Photo: Jacinta Keefe
Siteworks, 33 Saxon St Brunswick, VIC, 3056
16 July 2019, 10:00 AM - 16 July 2019, 4:00 PM

ILBIJERRI is holding auditions for two productions created for community, that will both be touring in 2019:

  • VIRAL, touring August-September
  • LET LOVE RULE (working title), touring October–November

We are seeking a total of six actors (three for each production).

Aboriginal and/or Torres Strait Islander actors with all levels of experience are welcome to audition, including people with no previous acting experience.



DATE Tuesday 16 July 2019*

TIMES 10am – 12:30pm (VIRAL) and 1:30pm – 4pm (LET LOVE RULE)

VENUE Siteworks, 33 Saxon St Brunswick, VIC, 3056

HOW TO APPLY Pease complete the application form by no later than 5pm Sunday 14 July

CONTACT Emily on 03 9329 9097 or


Applicants will be emailed a confirmation with instructions on how to prepare for the audition.

*Please note that if you are unable to attend the audition in person, you may request to audition via video. Audition monologues will be provided.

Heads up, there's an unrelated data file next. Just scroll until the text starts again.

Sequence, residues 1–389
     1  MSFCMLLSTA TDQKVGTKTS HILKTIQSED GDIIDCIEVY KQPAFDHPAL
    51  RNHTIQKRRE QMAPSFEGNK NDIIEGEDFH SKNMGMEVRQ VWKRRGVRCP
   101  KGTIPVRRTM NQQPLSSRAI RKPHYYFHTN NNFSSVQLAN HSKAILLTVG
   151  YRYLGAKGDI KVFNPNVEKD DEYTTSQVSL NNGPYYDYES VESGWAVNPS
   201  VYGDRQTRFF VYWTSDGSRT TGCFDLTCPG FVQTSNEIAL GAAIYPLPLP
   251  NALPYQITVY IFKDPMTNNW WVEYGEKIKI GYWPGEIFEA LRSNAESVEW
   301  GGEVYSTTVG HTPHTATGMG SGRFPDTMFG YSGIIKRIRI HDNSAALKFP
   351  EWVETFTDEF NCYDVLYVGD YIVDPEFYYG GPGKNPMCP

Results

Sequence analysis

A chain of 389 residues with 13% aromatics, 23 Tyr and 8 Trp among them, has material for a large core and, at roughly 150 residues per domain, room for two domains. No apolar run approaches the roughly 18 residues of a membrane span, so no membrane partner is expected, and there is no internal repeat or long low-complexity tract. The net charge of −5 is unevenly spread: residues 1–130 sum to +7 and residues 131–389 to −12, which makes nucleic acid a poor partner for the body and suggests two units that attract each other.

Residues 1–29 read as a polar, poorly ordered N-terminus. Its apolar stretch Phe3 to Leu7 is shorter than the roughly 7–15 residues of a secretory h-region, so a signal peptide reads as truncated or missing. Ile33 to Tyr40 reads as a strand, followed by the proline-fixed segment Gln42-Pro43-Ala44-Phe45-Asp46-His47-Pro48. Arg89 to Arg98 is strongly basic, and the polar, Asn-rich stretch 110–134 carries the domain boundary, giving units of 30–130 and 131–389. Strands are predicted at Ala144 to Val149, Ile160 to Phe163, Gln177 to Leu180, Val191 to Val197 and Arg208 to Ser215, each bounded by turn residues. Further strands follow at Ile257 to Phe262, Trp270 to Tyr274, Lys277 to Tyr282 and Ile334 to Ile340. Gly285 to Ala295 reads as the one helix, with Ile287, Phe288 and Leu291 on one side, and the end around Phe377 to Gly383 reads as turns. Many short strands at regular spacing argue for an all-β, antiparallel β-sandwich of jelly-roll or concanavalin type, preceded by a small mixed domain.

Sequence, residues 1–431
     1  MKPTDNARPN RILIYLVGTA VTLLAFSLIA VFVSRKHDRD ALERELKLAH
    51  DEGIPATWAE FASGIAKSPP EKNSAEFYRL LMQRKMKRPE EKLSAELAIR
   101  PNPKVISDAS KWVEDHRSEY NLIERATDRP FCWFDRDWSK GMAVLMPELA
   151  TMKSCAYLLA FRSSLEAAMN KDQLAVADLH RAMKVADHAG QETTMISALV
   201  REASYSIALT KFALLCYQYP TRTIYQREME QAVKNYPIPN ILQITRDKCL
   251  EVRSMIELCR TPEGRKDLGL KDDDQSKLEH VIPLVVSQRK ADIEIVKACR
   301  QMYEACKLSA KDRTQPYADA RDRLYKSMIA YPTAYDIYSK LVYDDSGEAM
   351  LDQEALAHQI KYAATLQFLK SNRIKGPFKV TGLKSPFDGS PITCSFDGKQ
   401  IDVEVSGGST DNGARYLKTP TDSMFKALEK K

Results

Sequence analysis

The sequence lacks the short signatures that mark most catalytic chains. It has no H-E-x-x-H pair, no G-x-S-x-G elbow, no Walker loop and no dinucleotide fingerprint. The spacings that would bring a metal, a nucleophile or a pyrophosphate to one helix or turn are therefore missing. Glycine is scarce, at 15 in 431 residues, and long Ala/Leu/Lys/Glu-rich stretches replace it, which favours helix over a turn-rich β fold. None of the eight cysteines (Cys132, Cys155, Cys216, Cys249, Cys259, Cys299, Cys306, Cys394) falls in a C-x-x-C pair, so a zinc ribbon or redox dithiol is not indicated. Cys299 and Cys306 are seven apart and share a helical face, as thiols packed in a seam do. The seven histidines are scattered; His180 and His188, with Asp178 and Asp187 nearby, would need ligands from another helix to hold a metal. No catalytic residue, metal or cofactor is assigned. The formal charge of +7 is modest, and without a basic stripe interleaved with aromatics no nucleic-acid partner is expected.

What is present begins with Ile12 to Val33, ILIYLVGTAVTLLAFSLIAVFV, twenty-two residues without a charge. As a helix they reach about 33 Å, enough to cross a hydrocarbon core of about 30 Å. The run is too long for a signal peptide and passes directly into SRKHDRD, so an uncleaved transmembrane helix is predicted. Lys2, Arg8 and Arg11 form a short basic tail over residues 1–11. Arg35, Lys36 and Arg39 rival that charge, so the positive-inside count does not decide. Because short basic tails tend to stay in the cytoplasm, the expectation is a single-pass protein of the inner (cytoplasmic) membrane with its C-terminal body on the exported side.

PLEASE READ Synopsis and Character Descriptions for both works, prior to completing the application form, by clicking on the tabs above.


Photo: Jacinta Keefe
Siteworks, 33 Saxon St Brunswick, VIC, 3056
16 July 2019, 10:00 AM - 16 July 2019, 4:00 PM


Writer Maryanne Sam

Director/Dramaturge Kamarra Bell-Wykes


(2 weeks) – 5th August to 16th August
Tour (3 weeks) – 19th August to 6th September



Following on from widely-acclaimed works Chopped Liver and BODY ARMOUR, ‘Viral – Are You the Cure?’ is the third  instalment in ILBIJERRI’s Hep C trilogy – aimed to break down shame, promote healing and get our community HEP C free. VIRAL toured Victoria and South Australia in 2018, visiting schools, community centres and prison and this second tour is eagerly anticipated.

Ally is a young mum who lives with her partner Doc and their young son Dillon. Ally and Doc also live with an uninvited guest, Hepatitis C.